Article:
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Susanne Reffert | IPMU | Japan

View Blog | Read Bio

On Interactions

For the theorist, interacting with other theorists is one of the most important sources of creative input. Our main currency is ideas, and they are seldom conceived in isolation. It is mainly for the sake of meeting and discussing with colleagues that we travel to conferences or visit other departments to give seminar talks. The ideas for almost all of the papers I have coauthored in my postdoc years have been sparked by discussions with people outside my own group.
One of the leading themes of IPMU is fostering interactions among its researchers. That’s why we have this huge interaction space in the center of our new building, and that’s why we are being lured out from our offices with coffee, tea and cookies every day.
What is special about IPMU is that it wants to foster interactions between all its researchers, be they mathematicians, particle theorists, observational astronomers, cosmologists, string theorists or particle experimentalists. IPMU is not organized in groups, but as a community. This is really different from all the places I have been before, where you were meant to talk mostly to your own crowd and were being looked at strangely for being caught talking to the people of the “wrong” floor (which, incidentally, is also why office spaces at IPMU mix all disciplines).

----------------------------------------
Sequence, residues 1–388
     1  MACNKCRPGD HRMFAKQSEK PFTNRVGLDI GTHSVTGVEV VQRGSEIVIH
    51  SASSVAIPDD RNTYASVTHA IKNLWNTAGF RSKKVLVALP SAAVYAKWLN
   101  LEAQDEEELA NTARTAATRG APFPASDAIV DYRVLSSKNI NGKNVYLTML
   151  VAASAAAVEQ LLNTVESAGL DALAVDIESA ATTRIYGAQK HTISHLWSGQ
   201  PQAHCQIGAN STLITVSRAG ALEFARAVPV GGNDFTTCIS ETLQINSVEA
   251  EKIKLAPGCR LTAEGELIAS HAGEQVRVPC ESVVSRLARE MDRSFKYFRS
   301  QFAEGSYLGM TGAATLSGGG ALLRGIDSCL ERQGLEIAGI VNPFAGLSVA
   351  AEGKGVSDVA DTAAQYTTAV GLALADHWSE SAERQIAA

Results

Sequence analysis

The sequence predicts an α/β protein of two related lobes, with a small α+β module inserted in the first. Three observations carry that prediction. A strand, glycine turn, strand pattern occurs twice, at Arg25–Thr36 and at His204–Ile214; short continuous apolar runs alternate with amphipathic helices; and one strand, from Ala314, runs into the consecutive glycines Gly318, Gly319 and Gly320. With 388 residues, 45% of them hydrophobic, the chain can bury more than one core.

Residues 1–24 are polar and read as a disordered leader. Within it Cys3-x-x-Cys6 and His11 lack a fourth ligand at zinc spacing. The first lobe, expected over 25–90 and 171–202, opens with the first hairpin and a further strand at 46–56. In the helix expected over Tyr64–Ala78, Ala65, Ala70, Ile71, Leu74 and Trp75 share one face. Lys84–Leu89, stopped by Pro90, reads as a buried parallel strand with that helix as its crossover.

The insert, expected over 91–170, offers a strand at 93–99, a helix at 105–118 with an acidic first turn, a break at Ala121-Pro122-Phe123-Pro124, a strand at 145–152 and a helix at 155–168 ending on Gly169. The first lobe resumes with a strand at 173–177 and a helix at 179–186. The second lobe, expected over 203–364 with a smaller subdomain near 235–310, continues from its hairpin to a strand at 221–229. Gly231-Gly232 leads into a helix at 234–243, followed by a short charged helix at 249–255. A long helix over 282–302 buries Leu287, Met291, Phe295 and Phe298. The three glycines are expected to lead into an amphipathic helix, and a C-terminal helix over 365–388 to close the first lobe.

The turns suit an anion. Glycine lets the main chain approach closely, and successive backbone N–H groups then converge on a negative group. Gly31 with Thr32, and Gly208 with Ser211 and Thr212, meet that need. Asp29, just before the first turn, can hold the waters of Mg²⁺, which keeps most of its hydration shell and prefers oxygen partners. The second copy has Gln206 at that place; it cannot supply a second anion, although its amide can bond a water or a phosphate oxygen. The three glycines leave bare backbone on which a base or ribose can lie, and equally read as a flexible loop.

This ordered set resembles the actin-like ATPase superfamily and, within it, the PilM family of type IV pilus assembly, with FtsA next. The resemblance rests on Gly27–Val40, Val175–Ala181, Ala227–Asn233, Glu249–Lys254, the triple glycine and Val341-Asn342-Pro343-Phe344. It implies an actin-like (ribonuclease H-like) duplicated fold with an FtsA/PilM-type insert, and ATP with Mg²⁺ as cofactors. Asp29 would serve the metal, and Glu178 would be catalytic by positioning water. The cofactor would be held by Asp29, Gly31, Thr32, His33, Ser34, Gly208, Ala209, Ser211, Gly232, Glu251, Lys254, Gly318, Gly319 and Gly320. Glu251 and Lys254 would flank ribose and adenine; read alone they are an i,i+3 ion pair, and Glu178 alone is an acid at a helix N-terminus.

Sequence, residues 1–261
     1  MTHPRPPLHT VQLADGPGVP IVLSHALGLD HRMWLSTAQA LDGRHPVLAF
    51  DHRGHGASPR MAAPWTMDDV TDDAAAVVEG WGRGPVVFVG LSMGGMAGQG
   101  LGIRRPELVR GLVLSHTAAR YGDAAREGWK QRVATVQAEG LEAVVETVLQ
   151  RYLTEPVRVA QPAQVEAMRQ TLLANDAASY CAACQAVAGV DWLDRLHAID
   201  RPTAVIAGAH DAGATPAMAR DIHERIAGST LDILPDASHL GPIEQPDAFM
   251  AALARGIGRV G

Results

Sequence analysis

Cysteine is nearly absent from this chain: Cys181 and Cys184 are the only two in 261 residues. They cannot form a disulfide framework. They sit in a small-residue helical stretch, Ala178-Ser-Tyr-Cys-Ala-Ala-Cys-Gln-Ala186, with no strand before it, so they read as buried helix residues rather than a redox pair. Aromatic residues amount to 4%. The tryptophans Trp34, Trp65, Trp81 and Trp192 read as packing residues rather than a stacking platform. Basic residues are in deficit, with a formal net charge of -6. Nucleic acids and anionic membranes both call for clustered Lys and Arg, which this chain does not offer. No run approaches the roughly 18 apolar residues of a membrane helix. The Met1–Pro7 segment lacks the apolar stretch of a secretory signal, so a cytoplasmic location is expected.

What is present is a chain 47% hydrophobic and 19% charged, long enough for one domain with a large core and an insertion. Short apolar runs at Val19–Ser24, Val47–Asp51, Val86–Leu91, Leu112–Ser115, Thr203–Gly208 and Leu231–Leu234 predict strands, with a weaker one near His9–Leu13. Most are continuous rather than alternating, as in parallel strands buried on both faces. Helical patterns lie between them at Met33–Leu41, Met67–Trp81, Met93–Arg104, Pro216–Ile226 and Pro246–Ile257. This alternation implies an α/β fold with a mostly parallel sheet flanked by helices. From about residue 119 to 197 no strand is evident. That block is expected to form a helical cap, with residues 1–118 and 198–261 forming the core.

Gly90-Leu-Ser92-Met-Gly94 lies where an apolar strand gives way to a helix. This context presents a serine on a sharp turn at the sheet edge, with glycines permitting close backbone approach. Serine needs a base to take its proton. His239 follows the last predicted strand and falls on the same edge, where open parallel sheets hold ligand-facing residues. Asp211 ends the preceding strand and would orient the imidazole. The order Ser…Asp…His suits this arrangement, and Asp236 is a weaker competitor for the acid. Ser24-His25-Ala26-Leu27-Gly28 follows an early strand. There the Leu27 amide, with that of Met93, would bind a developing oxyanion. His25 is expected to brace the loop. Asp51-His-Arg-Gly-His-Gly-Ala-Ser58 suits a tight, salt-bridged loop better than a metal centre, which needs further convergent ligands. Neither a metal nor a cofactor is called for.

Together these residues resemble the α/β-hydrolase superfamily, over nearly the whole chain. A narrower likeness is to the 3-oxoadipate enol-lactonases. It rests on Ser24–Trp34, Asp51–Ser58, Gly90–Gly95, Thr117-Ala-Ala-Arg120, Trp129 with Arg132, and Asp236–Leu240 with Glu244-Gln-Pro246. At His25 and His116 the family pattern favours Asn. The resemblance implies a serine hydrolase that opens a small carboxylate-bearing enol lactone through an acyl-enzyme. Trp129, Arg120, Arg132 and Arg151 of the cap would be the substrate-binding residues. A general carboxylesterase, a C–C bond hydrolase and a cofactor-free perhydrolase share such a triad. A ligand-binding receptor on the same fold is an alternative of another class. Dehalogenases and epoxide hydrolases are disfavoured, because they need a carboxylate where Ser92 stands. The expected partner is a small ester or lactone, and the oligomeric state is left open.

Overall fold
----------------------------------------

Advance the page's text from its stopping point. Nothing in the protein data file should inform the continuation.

This community feeling has a number of positive effects. I don’t interact mostly with my peers, which form a small and highly competitive community, where people have a close eye on each other’s work and jealously guard their own. Here, I am friends with mathematicians, particle phenomenologists, experimentalists and astrophysicists, and, incidentally, also with a few fellow string theorists. This mix relaxes the atmosphere during tea time a lot.
Hanging out with a more varied crowd also gets me more exposed to other forms of physics that are not my daily bread. I am more ready to attend seminars outside my own field.
Of course people who have a good time are happier and will work better. But does actual science come from these interdisciplinary interactions?
For myself, I can say that our last paper was coauthored with a mathematician, and two more from the last two years had benefited greatly from discussions with statistical physicists. For me, it works.

I guess that giving us the possibility to interact across different fields is a way of preparing a fertile ground for great new ideas. They might not come immediately, but they find an inviting environment. And to tackle the important questions about our universe, good ideas are needed.

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